• New York State Tax Appeals Tribunal: Assessment of Non-Admitted Alien Insurance Companies Violated Tax Treaty and Foreign Commerce Clause
  • October 2, 2017 | Author: Andrew D. Appleby
  • Law Firm: Eversheds Sutherland (US) LLP - New York Office
  • The New York State Tax Appeals Tribunal (Tribunal) held that the Department’s assessment of two non-admitted German insurance companies violated the United States-Germany Tax Treaty’s anti-discrimination clause and the US Constitution’s Foreign Commerce Clause.

    The alien non-admitted non-life insurance companies had no premiums from sources in the United States. The insurance companies’ activities in New York and the United States were limited to holding interests in limited partnerships that owned real estate in New York and throughout the United States. The insurance companies did not challenge whether they had nexus with New York. An Administrative Law Judge (“ALJ”) previously determined that the insurance companies, as non-admitted non-life insurance corporations, were properly subject to insurance franchise tax, not premium tax. The ALJ also affirmed the Department’s alternative allocation method, which applied an entity theory and imposed tax only on the distributive share from the partnerships using the partnerships’ allocation factors. See previous coverage here.

    The Tribunal affirmed the ALJ’s reasoning. However, the Tribunal ultimately reversed the ALJ’s final conclusion based on an argument that the insurance companies had not raised at the ALJ level. The Tribunal concluded that the Department’s assessment discriminated against the insurance companies based on their status as alien insurers, which violated the United States-Germany Tax Treaty and the Foreign Commerce Clause. Although treaties generally do not apply to state and local taxes, the anti-discrimination provision generally does apply.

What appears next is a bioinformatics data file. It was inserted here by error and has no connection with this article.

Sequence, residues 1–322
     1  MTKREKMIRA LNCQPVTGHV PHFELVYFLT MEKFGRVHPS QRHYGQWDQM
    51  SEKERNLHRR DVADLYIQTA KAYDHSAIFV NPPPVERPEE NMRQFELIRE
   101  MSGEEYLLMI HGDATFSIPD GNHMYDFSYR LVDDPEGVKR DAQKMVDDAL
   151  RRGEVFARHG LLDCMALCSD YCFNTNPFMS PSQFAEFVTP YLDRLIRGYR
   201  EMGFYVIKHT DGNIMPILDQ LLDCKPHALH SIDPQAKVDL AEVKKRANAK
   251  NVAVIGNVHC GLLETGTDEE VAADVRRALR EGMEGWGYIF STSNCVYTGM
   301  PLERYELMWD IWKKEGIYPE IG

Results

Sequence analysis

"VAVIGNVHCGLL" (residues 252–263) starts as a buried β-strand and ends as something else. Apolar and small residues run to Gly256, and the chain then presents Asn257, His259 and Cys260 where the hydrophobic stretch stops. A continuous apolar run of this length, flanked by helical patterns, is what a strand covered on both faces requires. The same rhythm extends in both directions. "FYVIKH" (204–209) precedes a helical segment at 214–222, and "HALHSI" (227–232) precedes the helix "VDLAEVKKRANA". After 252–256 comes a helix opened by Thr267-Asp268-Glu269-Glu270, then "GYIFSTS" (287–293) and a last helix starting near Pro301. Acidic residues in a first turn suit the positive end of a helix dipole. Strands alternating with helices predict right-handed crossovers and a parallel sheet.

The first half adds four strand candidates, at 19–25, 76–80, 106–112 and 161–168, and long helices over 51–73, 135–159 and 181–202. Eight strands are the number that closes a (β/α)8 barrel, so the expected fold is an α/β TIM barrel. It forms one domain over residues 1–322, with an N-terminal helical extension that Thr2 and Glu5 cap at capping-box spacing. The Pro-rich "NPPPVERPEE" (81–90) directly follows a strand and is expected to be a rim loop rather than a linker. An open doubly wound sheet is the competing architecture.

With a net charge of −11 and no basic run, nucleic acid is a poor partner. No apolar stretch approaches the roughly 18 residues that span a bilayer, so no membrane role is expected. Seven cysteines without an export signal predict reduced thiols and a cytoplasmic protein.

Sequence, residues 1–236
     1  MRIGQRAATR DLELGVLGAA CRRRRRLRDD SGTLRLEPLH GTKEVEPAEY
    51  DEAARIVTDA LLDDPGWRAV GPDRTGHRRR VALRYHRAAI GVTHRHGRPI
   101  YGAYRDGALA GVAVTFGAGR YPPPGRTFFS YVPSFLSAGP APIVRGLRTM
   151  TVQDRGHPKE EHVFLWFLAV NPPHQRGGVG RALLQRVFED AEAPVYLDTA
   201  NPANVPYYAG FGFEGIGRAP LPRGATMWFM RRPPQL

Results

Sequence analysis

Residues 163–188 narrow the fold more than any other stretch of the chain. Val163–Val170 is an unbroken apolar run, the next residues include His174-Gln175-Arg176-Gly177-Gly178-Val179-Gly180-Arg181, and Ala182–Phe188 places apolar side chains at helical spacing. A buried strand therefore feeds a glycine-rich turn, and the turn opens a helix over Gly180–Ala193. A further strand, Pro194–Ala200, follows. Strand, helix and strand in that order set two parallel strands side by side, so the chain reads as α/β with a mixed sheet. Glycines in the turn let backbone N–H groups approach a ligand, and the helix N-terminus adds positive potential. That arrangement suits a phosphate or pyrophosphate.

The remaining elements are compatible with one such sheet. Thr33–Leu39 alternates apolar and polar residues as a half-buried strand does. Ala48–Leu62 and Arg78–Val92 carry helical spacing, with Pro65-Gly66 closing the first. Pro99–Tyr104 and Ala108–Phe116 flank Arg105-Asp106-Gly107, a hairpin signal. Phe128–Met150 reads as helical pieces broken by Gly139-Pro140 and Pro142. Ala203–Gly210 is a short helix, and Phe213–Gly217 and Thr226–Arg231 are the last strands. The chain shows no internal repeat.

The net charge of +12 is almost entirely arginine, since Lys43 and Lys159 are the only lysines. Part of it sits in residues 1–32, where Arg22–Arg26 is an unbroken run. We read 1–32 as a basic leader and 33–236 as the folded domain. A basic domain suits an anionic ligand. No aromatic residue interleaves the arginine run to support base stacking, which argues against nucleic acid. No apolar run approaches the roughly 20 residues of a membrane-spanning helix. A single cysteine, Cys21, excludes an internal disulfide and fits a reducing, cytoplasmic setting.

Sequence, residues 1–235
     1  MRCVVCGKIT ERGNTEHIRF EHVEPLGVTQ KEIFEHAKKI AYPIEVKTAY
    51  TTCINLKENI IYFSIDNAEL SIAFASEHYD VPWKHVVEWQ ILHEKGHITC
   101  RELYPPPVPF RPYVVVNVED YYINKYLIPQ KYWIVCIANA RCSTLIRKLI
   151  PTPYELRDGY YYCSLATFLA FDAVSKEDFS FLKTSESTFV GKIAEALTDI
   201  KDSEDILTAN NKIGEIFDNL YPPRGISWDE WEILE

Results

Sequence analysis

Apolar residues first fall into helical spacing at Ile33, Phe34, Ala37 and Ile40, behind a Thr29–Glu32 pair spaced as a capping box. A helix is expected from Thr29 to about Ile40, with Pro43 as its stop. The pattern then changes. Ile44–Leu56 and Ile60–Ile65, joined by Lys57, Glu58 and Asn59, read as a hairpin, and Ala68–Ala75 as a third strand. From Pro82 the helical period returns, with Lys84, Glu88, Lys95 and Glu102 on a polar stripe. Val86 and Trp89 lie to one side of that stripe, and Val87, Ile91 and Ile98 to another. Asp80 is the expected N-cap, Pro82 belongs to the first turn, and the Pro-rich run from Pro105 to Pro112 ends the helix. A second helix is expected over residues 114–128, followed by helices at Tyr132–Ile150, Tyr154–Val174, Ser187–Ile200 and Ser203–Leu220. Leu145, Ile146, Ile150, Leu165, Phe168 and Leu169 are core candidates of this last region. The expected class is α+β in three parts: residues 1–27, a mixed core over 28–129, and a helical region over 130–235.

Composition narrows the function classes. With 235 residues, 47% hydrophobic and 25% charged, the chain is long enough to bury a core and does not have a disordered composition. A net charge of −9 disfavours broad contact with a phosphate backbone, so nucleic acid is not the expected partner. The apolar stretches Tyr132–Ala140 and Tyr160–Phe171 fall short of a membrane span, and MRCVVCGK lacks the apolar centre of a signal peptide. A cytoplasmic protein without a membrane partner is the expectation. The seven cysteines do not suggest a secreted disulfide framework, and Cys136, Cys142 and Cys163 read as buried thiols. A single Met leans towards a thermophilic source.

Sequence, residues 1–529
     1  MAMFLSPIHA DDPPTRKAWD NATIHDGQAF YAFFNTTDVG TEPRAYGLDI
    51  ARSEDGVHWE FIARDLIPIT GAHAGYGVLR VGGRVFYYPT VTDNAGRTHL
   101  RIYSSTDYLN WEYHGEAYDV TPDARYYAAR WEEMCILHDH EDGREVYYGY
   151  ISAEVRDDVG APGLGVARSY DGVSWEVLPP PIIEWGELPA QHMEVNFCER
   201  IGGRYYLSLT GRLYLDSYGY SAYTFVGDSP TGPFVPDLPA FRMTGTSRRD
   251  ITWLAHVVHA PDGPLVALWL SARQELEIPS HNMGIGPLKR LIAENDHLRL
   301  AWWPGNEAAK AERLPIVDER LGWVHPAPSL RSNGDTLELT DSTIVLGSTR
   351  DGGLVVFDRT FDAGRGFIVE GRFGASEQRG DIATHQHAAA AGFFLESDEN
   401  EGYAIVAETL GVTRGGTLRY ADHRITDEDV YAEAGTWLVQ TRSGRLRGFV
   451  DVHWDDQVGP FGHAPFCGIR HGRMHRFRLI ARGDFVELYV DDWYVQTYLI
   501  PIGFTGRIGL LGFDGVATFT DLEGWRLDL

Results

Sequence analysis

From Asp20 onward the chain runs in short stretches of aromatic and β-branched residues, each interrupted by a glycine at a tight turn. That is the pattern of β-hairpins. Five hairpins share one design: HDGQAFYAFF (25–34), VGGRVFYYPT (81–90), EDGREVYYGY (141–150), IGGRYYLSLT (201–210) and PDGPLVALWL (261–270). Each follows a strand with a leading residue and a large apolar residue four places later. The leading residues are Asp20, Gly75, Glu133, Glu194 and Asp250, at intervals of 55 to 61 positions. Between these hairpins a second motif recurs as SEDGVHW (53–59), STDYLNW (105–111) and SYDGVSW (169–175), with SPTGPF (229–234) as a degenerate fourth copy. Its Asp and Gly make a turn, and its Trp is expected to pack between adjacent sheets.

The Tribunal compared the alien insurance companies’ treatment to the treatment of an otherwise similarly situated domestic, non-New York insurance company. The Tribunal determined that the Department’s assessment imposed a more burdensome tax treatment on the alien insurance companies. A crucial fact in these cases was that the alien insurance companies had zero premiums in the United States, and zero United States effectively connected income from premiums.

    The Tribunal also briefly noted that, although it did not have to decide the issue, the Department’s assessment would impede the federal government from “speaking with one voice” in regulating foreign trade, which would violate the Foreign Commerce Clause. In re Bayerische Beamtenkranekenkasse AG, DTA No. 824762 (N.Y. Tax App. Trib. Sept. 11, 2017); In re Landschaftliche Brandkasse Hannover, DTA No. 825517 (N.Y. Tax App. Trib. Sept. 11, 2017).